"Hey Google, this is me."
On Thursday, Google announced that its Home smart hub device can now recognize and identify up to six different users by the sound of their voice. It's an inevitable—but crucial—step in the development of smart home virtual assistants. The new skill means that different people in a household will be able to ask the Google Assistant questions about what’s on their calendar, or what their commute looks like, and the Home device will know who is speaking to it and give tailored responses. It’ll make it a more streamlined experience for families sharing a smart home speaker hub.
The setup process involves adding additional users through the Home app, who then train the device to recognize them by repeating a few key phrases. Google uses a neural network that’s actually located on the device itself to differentiate the distinct voices in the household.
The system will still respond to requests from random people, like a guest in your home, but it also means that your Home device should only read your more personal information—like what's on your schedule for the day—to you.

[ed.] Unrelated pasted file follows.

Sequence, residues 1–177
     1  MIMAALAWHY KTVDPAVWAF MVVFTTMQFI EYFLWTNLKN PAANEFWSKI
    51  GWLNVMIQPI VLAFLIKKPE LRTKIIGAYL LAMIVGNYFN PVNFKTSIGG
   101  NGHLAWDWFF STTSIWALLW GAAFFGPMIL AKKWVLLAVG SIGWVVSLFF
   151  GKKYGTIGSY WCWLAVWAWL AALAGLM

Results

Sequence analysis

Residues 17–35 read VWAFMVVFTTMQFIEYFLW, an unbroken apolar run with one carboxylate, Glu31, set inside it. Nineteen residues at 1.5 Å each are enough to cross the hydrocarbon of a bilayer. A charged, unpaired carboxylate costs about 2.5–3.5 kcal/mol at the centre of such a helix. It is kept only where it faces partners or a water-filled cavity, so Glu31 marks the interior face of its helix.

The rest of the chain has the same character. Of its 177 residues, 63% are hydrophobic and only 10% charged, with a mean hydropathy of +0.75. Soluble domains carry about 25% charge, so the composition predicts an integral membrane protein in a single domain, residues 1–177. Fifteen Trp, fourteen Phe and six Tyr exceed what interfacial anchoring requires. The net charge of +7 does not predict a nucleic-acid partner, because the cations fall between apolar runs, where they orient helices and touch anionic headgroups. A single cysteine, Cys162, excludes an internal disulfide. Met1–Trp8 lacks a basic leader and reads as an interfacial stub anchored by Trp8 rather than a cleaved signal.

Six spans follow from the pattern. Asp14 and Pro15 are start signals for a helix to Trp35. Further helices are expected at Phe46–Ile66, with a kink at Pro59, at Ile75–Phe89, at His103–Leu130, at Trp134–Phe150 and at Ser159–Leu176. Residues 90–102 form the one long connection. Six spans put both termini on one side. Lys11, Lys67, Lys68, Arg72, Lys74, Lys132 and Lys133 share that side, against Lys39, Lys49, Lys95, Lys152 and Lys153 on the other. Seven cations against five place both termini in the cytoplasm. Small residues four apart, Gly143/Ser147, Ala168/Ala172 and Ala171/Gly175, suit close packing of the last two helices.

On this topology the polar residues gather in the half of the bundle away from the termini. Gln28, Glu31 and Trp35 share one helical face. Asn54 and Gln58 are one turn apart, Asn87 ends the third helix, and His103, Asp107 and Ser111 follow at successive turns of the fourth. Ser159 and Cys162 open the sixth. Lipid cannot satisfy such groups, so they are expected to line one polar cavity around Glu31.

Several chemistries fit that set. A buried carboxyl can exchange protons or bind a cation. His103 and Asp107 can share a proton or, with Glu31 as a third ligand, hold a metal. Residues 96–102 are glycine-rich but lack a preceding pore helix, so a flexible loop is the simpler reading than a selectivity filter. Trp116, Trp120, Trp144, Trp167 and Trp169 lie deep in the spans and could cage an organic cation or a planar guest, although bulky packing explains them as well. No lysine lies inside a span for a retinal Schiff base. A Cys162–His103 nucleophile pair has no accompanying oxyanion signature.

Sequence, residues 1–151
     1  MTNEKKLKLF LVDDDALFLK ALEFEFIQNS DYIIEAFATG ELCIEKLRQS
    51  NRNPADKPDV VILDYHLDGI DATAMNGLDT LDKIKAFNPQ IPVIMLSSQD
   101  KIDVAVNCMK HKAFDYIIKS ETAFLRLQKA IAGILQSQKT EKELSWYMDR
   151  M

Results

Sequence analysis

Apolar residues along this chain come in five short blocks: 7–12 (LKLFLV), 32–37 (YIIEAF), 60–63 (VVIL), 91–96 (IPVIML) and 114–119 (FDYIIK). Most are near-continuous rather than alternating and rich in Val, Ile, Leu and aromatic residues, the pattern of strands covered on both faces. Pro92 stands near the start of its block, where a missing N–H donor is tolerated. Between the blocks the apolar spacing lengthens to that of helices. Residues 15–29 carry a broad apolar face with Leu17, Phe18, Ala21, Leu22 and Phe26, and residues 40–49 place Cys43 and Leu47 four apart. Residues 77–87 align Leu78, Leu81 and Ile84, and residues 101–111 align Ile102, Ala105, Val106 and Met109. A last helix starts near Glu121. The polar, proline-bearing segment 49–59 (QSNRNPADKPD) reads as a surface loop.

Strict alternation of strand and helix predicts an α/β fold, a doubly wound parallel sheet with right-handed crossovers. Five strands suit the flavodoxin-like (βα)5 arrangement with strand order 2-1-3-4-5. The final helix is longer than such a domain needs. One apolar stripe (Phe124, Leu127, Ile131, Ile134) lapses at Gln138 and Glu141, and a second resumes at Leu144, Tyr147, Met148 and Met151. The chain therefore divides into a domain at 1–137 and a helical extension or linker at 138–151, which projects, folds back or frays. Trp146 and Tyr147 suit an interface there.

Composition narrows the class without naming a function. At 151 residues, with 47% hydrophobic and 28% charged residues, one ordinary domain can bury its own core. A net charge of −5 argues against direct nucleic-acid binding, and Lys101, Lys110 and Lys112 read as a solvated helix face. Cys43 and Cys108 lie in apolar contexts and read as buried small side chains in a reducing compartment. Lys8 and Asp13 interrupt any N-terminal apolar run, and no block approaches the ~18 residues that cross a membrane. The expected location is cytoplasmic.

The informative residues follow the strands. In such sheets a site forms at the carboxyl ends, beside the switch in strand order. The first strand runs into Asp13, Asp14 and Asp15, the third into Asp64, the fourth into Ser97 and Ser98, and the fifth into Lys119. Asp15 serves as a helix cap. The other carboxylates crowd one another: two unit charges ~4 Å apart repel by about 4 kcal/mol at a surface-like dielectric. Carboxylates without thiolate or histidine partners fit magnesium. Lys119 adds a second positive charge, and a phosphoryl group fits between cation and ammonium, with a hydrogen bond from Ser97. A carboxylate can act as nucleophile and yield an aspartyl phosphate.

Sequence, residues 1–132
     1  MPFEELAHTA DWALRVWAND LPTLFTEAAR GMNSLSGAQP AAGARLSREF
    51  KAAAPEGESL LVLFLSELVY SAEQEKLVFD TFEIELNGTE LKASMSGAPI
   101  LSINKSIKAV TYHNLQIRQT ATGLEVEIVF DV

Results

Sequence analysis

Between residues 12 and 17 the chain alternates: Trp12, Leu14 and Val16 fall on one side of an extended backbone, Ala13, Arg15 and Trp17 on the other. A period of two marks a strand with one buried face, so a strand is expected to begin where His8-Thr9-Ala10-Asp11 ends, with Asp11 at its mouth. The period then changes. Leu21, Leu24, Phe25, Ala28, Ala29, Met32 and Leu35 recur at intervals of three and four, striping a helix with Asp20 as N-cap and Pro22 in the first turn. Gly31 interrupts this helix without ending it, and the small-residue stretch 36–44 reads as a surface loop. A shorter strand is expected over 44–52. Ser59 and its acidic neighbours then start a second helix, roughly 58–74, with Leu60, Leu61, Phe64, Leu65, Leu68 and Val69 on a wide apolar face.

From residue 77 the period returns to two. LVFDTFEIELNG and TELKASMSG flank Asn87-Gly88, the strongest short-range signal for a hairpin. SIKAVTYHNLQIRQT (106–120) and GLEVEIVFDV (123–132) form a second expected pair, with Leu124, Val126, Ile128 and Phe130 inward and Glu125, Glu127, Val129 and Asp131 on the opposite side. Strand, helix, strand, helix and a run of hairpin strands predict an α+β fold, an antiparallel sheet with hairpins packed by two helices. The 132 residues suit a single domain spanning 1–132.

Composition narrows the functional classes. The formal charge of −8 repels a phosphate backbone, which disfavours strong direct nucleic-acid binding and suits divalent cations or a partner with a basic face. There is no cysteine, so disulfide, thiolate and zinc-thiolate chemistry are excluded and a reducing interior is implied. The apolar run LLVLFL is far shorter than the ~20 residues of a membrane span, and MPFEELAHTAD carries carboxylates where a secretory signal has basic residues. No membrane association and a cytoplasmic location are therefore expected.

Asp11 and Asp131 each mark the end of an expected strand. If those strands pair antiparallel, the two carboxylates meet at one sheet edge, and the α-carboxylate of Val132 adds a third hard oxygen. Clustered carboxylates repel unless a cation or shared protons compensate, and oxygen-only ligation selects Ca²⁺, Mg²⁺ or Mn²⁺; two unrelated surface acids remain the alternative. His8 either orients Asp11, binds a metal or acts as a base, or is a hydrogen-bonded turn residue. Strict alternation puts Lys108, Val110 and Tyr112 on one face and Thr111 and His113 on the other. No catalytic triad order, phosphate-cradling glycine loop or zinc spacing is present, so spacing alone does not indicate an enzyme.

Amazon Echo devices already work with multiple user accounts, but they have to be switched manually by explicitly asking Alexa to do it, which adds at least one step. Amazon does let you do voice training so that Alexa can get to know your voice (as does Siri when you set up an iPhone) but it can’t recognize who is speaking and switch accounts on the fly. An Amazon representative declined to comment on when or if Alexa would gain that skill.
If you live in the United States, you should be able to set up this feature today by opening the opening the Google Home app and checking for a card that reads "multi-user is available."
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